August 2012


I’ve written before about the E/C’s jurisdictional defense to a claim for unpaid bills from authorized providers.  The Claimant has no standing to sue for payment of the bills and the Judge has no jurisdiction to order the payment of the bills.

Only the Agency for Health Care Administration (AHCA) has jurisdiction to settle such disputes.   In fact, sections 440.13(11)(c) and 440.13(3)(g) state that the Claimant does not have responsibility for such bills.   In the past, I’ve written the following on the matter:

Section 440.13(11)(c) dictates that the Agency for Health Care Administration (“AHCA”) has “exclusive jurisdiction” to decide any matters regarding provider reimbursement.  As long as the Carrier authorizes care with the doctor, the dispute about the doctor’s bills is outside the jurisdiction of the Judges of Compensation Claims.”

However, it is important that when the E/C asserts this defense, it is “buying” the bills and the treatment connected with said bills. (more…)

Nothing is as frustrating to an Employer/Carrier as when an employee suffers an accident and cannot explain how the accident took place.   This occurs often in slip and falls where the employee readily admits she does not know (or sometimes remember) how she fell.  She was walking down and a hallway at work one minute.  The next minute, she was on the ground and in pain.

Many E/C’s view these type of injuries as “idiopathic” and deny the claim because the accident could have occurred anywhere (at home or in public) and the fact it occurred at work was just a coincidence.  None of the physical aspects of the job caused the accident.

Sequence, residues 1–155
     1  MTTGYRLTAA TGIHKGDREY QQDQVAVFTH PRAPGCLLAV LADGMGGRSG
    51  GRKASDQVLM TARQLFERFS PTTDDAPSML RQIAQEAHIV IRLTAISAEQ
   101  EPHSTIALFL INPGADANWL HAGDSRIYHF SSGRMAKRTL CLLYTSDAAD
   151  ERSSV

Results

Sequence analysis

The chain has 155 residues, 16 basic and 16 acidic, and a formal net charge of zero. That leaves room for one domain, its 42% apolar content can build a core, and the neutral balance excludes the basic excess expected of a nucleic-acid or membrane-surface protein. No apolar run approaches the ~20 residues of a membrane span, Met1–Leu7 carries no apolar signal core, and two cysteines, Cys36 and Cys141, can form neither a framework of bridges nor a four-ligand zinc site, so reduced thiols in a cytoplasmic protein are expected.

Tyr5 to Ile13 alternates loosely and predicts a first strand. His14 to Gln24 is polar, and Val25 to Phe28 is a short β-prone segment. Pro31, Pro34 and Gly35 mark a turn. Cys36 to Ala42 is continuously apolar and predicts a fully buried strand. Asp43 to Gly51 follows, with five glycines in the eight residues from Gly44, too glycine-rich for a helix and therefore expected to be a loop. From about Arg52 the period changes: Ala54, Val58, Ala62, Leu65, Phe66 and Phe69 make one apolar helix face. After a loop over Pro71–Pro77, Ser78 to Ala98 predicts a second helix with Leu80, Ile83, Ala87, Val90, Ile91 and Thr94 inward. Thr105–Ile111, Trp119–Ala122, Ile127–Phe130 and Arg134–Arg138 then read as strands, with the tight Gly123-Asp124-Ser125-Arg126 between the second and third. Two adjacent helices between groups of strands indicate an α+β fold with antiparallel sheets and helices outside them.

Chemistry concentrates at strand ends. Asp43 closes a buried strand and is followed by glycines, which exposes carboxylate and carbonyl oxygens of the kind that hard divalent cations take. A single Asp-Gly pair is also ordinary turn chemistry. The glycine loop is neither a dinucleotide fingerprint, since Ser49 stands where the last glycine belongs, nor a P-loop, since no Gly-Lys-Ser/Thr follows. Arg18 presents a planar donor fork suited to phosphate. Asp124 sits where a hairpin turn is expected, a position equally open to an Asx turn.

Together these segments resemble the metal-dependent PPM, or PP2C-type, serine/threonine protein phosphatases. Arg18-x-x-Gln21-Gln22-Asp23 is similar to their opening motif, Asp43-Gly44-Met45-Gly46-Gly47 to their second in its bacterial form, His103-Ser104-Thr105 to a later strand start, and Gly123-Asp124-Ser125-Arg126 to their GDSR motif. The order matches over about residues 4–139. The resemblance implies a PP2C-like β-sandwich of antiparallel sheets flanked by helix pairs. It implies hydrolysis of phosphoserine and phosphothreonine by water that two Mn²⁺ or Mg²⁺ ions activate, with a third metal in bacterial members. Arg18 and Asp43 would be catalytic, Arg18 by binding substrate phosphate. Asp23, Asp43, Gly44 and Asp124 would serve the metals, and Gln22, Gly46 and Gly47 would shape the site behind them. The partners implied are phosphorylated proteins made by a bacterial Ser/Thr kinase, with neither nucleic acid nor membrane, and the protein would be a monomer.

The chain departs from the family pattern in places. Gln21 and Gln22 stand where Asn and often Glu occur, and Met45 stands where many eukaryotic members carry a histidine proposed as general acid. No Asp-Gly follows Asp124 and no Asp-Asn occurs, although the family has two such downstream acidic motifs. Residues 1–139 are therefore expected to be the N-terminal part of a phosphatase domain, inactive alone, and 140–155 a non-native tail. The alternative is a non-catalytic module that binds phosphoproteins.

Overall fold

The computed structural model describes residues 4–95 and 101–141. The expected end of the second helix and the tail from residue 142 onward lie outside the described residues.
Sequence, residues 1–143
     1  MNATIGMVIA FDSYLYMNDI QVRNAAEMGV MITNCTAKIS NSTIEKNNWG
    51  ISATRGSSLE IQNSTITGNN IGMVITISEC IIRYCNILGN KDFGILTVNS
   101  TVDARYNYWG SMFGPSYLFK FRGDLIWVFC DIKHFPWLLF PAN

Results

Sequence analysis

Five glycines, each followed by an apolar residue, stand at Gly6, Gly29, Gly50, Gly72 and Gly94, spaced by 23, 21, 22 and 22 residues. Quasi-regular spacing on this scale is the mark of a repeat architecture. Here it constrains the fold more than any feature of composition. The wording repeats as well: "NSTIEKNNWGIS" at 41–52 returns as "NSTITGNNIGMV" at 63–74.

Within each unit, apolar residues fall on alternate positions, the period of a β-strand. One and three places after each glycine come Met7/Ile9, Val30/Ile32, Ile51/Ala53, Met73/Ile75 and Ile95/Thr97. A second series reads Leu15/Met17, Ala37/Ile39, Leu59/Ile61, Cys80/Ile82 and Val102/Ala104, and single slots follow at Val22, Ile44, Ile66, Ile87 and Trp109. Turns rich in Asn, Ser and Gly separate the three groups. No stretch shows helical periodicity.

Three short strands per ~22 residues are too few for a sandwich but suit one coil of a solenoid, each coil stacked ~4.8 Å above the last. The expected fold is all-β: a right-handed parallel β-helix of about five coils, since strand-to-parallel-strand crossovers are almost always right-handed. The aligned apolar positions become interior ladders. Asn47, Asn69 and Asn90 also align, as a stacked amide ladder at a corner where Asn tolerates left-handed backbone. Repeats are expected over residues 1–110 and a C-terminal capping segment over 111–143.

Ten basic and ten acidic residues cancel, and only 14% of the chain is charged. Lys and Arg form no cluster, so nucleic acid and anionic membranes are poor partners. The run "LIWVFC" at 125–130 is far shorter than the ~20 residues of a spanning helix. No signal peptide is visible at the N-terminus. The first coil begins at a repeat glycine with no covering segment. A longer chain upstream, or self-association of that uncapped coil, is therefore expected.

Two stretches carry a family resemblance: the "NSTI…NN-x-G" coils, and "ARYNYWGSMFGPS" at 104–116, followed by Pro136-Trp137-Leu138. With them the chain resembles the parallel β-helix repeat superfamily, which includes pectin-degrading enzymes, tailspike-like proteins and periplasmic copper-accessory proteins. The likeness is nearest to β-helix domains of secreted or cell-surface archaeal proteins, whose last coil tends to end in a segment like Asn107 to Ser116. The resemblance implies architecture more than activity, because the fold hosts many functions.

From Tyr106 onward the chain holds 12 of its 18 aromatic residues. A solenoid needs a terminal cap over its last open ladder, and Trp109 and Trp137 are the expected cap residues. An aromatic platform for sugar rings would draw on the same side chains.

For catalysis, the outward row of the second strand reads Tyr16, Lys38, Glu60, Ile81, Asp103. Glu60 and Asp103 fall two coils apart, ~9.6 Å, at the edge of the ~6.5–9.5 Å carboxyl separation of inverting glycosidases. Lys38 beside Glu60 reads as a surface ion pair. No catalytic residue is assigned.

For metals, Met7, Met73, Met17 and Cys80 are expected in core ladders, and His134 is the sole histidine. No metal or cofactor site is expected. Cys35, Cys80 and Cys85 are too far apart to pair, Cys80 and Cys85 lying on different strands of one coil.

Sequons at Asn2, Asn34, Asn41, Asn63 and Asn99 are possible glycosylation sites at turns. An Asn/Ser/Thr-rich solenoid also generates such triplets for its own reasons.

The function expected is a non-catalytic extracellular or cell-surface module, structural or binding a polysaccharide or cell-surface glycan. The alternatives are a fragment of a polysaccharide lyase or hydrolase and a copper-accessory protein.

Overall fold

The problem is this thinking is wrong.  Even the definition of “idiopathic” is misinterpreted by many E/C’s.  All “idiopathic” means (as defined by Webster’s Dictionary)  “arising spontaneously or from an obscure or unknown cause.”   So, when an E/C cries out “idiopathic!” and denies the claim, all they are saying is they have no idea what happened.  And, that has no bearing to proving the claim is non-compensable.

The truth of the matter is that if no one (not even the Claimant) knows how an accident happened, the courts are going to favor the Claimant and award compensability.   And, we have a couple of new cases from the First DCA that proves this point. (more…)

I’ve written before about the dangers of denying an accident took place in the course and scope of employment.  Such a denial allows removes the exclusive remedy defense to an Employer and allows an injured worker to proceed with a tort action. 

While researching for a client, I found a case decided this past March that is based on the same principle.  But, in this case, the Employer never reported the accident to its Carrier after the injured workers reported their injuries.  This is a big no-no in and of itself, but considering the wider consequences an Employer is crazy to even think to take this position.

More after the jump. . . (more…)